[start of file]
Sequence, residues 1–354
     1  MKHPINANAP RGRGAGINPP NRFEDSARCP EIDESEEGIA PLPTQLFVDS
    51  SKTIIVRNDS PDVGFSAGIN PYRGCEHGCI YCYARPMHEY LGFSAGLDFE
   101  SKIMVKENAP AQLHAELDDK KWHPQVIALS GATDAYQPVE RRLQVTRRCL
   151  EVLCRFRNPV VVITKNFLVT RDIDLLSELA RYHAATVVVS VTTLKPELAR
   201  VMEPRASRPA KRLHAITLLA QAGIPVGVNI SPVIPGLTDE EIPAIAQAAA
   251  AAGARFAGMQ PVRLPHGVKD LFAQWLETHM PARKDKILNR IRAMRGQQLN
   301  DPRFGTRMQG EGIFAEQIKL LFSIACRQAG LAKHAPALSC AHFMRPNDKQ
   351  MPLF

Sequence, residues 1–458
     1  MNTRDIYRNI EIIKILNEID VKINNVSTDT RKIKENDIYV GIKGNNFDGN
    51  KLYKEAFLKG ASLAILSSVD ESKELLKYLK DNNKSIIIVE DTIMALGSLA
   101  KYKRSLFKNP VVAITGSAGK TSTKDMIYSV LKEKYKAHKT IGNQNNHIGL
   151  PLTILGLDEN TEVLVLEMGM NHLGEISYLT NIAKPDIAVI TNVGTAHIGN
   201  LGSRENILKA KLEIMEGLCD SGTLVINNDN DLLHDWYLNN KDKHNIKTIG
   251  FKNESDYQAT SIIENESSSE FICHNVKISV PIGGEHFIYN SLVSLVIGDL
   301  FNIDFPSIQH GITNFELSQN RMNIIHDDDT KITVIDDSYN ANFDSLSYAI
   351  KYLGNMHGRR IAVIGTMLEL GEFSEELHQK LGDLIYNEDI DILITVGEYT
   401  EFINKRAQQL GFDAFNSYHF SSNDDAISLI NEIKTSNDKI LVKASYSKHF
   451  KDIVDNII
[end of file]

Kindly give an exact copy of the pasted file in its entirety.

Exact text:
Sequence, residues 1–354
     1  MKHPINANAP RGRGAGINPP NRFEDSARCP EIDESEEGIA PLPTQLFVDS
    51  SKTIIVRNDS PDVGFSAGIN PYRGCEHGCI YCYARPMHEY LGFSAGLDFE
   101  SKIMVKENAP AQLHAELDDK KWHPQVIALS GATDAYQPVE RRLQVTRRCL
   151  EVLCRFRNPV VVITKNFLVT RDIDLLSELA RYHAATVVVS VTTLKPELAR
   201  VMEPRASRPA KRLHAITLLA QAGIPVGVNI SPVIPGLTDE EIPAIAQAAA
   251  AAGARFAGMQ PVRLPHGVKD LFAQWLETHM PARKDKILNR IRAMRGQQLN
   301  DPRFGTRMQG EGIFAEQIKL LFSIACRQAG LAKHAPALSC AHFMRPNDKQ
   351  MPLF

Sequence, residues 1–458
     1  MNTRDIYRNI EIIKILNEID VKINNVSTDT RKIKENDIYV GIKGNNFDGN
    51  KLYKEAFLKG ASLAILSSVD ESKELLKYLK DNNKSIIIVE DTIMALGSLA
   101  KYKRSLFKNP VVAITGSAGK TSTKDMIYSV LKEKYKAHKT IGNQNNHIGL
   151  PLTILGLDEN TEVLVLEMGM NHLGEISYLT NIAKPDIAVI TNVGTAHIGN
   201  LGSRENILKA KLEIMEGLCD SGTLVINNDN DLLHDWYLNN KDKHNIKTIG
   251  FKNESDYQAT SIIENESSSE FICHNVKISV PIGGEHFIYN SLVSLVIGDL
   301  FNIDFPSIQH GITNFELSQN RMNIIHDDDT KITVIDDSYN ANFDSLSYAI
   351  KYLGNMHGRR IAVIGTMLEL GEFSEELHQK LGDLIYNEDI DILITVGEYT
   401  EFINKRAQQL GFDAFNSYHF SSNDDAISLI NEIKTSNDKI LVKASYSKHF
   451  KDIVDNII